Highly automated driving aims to radically increase driving safety because human errors account for over 90 percent of severe traffic accidents. Even when automation is evolved enough to drive safer than human beings, it is assumed that the human driver could still request the control over the vehicle. Reasons for this may be a lack of trust, misunderstanding or a disagreement between the own driving style and the vehicle's driving style. In such cases, convincing the driver to keep the automation enabled increases traffic safety. Therefore, the aim of this research project is investigating technical systems to increase the usage of automation.

F3 Driver - Vehicle - Research

Duration: 2013-2017
Funding by: Carl Zeiss Foundation
Contact: Martin Baumann, Kristin Mühl

F3 brings together researchers from Ulm University who are all driven by the vision of future automated cars which move within an intelligent traffic infrastructure cooperatively with other automated and human-controlled vehicles. Those vehicles have to provide the highest degree of safety for own passengers and other traffic participants and at the same time contribute to global traffic efficiency.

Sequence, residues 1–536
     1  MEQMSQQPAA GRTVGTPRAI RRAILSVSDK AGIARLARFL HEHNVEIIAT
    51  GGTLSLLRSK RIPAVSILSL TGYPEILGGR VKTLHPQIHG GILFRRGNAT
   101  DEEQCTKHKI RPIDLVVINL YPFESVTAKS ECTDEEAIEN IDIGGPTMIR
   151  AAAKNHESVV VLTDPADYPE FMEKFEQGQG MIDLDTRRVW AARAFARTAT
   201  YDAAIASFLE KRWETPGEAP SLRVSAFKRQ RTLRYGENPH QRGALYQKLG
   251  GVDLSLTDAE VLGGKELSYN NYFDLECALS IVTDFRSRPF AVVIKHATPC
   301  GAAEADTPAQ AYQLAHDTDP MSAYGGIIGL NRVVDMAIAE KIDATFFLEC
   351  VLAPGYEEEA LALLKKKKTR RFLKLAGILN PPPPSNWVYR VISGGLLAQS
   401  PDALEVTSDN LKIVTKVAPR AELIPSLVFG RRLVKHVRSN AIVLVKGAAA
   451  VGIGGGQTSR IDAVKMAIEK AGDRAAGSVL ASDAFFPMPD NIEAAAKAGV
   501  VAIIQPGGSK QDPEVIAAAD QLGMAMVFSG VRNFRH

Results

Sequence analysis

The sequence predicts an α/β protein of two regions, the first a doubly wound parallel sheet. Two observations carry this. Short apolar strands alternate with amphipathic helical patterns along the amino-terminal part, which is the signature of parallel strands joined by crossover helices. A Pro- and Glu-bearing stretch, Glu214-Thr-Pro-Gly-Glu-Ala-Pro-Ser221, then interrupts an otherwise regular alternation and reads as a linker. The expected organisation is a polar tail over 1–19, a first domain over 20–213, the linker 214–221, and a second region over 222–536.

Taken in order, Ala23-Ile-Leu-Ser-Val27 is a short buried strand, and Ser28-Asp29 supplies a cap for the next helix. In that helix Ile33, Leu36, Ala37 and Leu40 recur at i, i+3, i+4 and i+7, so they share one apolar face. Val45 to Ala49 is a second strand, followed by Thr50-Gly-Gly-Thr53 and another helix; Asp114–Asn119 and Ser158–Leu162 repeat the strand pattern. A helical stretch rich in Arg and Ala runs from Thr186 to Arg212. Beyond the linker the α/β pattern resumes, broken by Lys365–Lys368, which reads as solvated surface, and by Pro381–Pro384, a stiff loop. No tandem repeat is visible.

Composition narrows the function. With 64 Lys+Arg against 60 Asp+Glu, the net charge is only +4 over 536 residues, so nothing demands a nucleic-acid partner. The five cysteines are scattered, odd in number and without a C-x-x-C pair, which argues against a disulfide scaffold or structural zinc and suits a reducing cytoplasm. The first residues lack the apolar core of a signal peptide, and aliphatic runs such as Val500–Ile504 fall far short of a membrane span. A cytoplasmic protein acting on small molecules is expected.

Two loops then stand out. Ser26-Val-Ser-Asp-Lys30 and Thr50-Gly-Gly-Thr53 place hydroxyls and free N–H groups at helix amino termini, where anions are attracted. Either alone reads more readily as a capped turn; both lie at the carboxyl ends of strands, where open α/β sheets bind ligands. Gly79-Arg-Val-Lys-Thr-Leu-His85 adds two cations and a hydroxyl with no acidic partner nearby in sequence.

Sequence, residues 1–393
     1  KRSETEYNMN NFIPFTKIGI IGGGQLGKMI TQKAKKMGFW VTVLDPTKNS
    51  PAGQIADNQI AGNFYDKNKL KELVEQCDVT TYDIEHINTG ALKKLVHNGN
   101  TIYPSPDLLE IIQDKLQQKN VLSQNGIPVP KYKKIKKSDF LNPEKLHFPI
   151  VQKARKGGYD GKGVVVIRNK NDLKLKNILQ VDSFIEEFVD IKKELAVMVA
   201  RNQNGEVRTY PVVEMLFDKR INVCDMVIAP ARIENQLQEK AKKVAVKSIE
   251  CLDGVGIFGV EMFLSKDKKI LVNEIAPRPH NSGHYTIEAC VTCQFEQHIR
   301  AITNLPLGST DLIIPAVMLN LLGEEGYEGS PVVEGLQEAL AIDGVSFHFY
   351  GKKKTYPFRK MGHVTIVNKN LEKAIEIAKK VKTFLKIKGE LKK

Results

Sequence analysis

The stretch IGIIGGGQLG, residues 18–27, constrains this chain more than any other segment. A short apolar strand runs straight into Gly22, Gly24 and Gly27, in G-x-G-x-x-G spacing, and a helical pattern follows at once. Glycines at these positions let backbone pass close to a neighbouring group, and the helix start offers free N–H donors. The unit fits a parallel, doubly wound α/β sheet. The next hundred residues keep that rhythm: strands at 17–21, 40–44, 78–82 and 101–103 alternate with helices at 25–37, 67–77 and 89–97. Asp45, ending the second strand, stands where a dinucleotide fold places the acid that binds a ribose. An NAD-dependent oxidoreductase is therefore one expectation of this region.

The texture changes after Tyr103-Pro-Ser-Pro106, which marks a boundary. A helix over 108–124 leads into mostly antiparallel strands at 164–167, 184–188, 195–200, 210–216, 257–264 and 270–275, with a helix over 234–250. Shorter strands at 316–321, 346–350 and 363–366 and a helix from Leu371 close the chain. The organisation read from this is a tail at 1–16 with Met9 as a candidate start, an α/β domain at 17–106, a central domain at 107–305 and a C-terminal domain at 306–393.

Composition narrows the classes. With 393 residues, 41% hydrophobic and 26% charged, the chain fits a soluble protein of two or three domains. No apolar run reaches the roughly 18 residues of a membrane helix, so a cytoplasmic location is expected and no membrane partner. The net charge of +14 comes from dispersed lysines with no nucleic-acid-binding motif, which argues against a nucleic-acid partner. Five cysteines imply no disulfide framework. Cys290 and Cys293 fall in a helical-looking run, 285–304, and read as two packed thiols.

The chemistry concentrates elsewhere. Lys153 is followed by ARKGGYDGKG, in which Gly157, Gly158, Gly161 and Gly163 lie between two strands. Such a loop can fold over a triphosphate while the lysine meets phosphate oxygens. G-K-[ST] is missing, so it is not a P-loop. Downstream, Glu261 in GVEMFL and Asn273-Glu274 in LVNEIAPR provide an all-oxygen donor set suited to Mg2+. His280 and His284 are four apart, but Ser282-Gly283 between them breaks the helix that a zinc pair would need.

F3 combines the competencies of participating researchers from the areas of advanced driver assistance, automated driving, and cooperative driving functions.

Driver Assistance for the Elderly

Contact: Dr. Nicola Fricke

Elderly drivers might particularly benefit vom driver assistance and highly automated driving functions. Unfortunately, they are rarely involved in the development process of such systems. Therefore, this project aims at developing driver assistance functions and interaction strategies, which account for the neeeds of elderly drivers while refraining from creating special „elderly people functions“ which would be stigmatising. Instead, the approach is inclusion of the elderly driving population for creating assistance which is useful for everyone.